To our knowledge, this study was the first study to evaluate the Hill’s classification of the gastroesophageal junction on the likelihood of developing de novo or aggravating postoperative GERD or EE after LSG. In the univariate analysis, only the presence of a hiatal hernia and the Hill’s classification were significantly associated with postoperative symptomatic GERD and EE. Based on the multivariate analysis, only the preoperative Hill’s classification remained predictive for postoperative symptomatic GERD and EE (see Table 3 and 4). Also, the magnitude of the association appeared to correlate with a higher Hill’s grading. All patients with a Hill’s grade IV developed postoperative symptomatic GERD and EE. Patients with a Hill’s grade III had significantly higher odds of developing postoperative symptomatic GERD (OR 20.84, 95% CI: 3.98-109.13, p<0.001) and EE (OR 34.49, 95% CI: 1.08-1105.36, p=0.045) compared to patients with Hill’s grade I flap valve. For patients with Hill’s grade II, there were significantly more patients with postoperative symptomatic GERD (OR 7.13, 95% CI: 1.69-29.98, p=0.007), but not EE (OR 3.76, 95% CI: 0.21-66.30, p=0.366). This study thus demonstrated that the Hill’s classification system of the laxity of the gastroesophageal junction, even after adjusting for other preoperative factors, appeared to be better than preoperative GERD symptoms, preoperative presence of a hiatal hernia, or preoperative EE in predicting for postoperative symptomatic GERD and EE.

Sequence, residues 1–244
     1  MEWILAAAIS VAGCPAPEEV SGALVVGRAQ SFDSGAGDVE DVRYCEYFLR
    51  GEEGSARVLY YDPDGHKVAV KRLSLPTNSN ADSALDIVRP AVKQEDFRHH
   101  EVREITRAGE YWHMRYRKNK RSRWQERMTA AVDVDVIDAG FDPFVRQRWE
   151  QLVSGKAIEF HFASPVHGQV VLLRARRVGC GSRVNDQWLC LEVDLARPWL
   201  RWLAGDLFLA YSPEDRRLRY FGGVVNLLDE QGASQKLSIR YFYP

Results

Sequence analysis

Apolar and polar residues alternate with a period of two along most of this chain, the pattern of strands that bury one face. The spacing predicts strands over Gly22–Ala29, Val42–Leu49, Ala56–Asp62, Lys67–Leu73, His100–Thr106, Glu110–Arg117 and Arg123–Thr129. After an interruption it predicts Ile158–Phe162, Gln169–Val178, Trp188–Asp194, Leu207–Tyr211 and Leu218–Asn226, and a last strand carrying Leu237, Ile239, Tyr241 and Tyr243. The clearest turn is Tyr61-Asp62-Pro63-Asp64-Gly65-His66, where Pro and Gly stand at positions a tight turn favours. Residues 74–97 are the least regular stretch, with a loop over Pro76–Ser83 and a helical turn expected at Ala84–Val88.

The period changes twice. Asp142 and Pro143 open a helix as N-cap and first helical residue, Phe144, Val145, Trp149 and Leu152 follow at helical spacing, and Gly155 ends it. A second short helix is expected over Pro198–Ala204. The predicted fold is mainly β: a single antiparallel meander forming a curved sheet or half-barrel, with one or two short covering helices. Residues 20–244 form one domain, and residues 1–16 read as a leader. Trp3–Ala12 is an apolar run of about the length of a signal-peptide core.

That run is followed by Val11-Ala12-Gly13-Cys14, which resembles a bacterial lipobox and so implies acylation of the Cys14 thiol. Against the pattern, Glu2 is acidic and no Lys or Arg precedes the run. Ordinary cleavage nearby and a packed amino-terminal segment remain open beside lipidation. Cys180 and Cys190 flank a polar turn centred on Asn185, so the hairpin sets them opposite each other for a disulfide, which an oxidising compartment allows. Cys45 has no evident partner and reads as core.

The Hill’s classification, first introduced by Hill et al in 1996, was derived from an observational study of 13 cadavers to determine the presence of an anti-reflux valve and hiatal hernia . In the absence of a hiatal hernia, the angle of His, defined as the acute angulation along the greater curve of the stomach where the esophagus enters the stomach , creates a flap valve mechanism [9, 25]. The laxity of this flap valve varies and can be objectively graded based on the Hill’s classification . This classification has been shown to be superior to the axial measurement of a hiatal hernia in the endoscopic assessment of the gastroesophageal junction and its association with GERD . This observation was similarly demonstrated in this study for patients who have undergone LSG as well. The authors believe that the predictive value of the Hill’s classification may be due to its ability to grade the mechanical laxity of the gastroesophageal junction. As previously demonstrated by Hill et al in their cadaveric studies , despite the absence of an active lower esophageal sphincter in a cadaver, a mechanical pressure gradient still existed in patients without a hiatal hernia, with lower Hill’s grade classifications. This mechanical gradient can be recreated in cadavers with a hiatal hernia by suturing the gastroesophageal junction to the preaortic fascia to recreate the angle of His and the gastroesophageal flap valve . Various mechanisms are thought to be responsible in maintaining the normal gastroesophageal junction, including the physiologic lower esophageal sphincter pressure , the diaphragmatic crura , length of the intra-abdominal esophagus  and the angle of His  with its associated gastroesophageal flap valve [9, 24, 25]. Our current study findings suggest that the integrity of the gastroesophageal flap valve and the laxity of the gastroesophageal junction graded by the Hill’s classification, may play a bigger role than previously thought, in determining the risk of GERD and EE after LSG.